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What the death of Jazmine Barnes tells us about racial anxiety in America

Barnes’s death wasn’t a hate crime, but it was amplified by a very real fear of them.

LaPorsha Washington attends Houston rally
LaPorsha Washington attends a Houston rally for her daughter, Jazmine Barnes, on January 5, 2019.
William Chambers/The New York ​Times/Redux

It’s been more than a week since the death of Jazmine Barnes, a 7-year-old black girl who was killed when a gunman opened fire on her family’s car in Houston, Texas, captured national attention. And in that week, public understanding of what happened that day has changed significantly — sparking a contentious debate about race and the role it played in attention to Barnes’s death.

It was still dark outside on December 30 when Barnes accompanied her mother and three sisters on a trip to the store for some early-morning coffee. As they drove, a gunman fired on their car, striking Barnes’s mother, LaPorsha Washington, in the arm. Jazmine, a second-grader, was struck in the head and died before her family could get to a hospital.

Witnesses, including Jazmine’s older sister, initially described the shooter as a white man in his 30s or 40s driving a red pickup truck, and police put out a sketch of the suspect based on that description. With little to go on besides this description, efforts to make sense of Jazmine’s death turned to one possible explanation: that the shooting was racially motivated.

Local community activists in Houston pointed to similarities between Barnes’s shooting and an August 2017 shooting that occurred in the same area. In that incident, a black man and an older woman were shot by a suspect described as a white man driving a silver or white truck. The shooter was never found, and the case remains unsolved.

Activist Deric Muhammad saw a possible connection between the two cases. “What are the odds that two black families were fired upon by a white male in a pickup truck within a one-year time span on the same block?” he told the Houston Chronicle on January 2.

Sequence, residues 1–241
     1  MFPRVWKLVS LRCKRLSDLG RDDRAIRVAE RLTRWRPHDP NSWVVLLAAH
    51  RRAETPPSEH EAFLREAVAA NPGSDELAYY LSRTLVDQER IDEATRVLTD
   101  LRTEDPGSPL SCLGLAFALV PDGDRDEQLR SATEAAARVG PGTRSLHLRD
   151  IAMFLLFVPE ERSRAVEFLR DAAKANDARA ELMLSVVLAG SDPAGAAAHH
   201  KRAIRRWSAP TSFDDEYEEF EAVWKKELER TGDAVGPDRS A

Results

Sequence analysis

“We’ve got to call it what it is. Black people are being targeted in this country. Black people are being targeted in this county,” Muhammad said. “We are thoroughly convinced that the killing of Jazmine Barnes was race related.”

Rep. Sheila Jackson Lee, who represents Texas’s 18th Congressional District, which includes a part of Houston, also raised this concern, telling an audience gathered at a January 5 “Justice for Jazmine” rally, “Do not be afraid to call this what it seems to be: a hate crime.”

But as the week came to a close, a different picture of the shooting emerged. A tip sent to Shaun King, a writer and activist who offered a $100,000 reward for information leading to an arrest, claimed that someone else fired at Jazmine’s family. That tip eventually led local law enforcement to Eric Black Jr., a 20-year-old black man.

Hours after the January 5 rally for Jazmine, the Harris County Sheriff’s Office announced that Black had been charged in the shooting. Black admitted his involvement in the shooting, saying that he was with a second man, later identified as Larry Woodruffe, a 24-year-old black man, when Woodruffe fired on the family’s car after mistaking it for a different vehicle. Both men have been charged with capital murder.

The Harris County Sheriff’s Office described Barnes’s death as “likely a case of mistaken identity.” And while officers believe a white man in a red pickup truck was at the scene, they say he was most likely a bystander.

In the days since the change in the case broke, initial reporting about the story has been heavily criticized, with figures like conservative commentator and former Milwaukee County Sheriff David Clarke arguing that Jazmine’s death only attracted national attention because a white man was initially suspected in the shooting.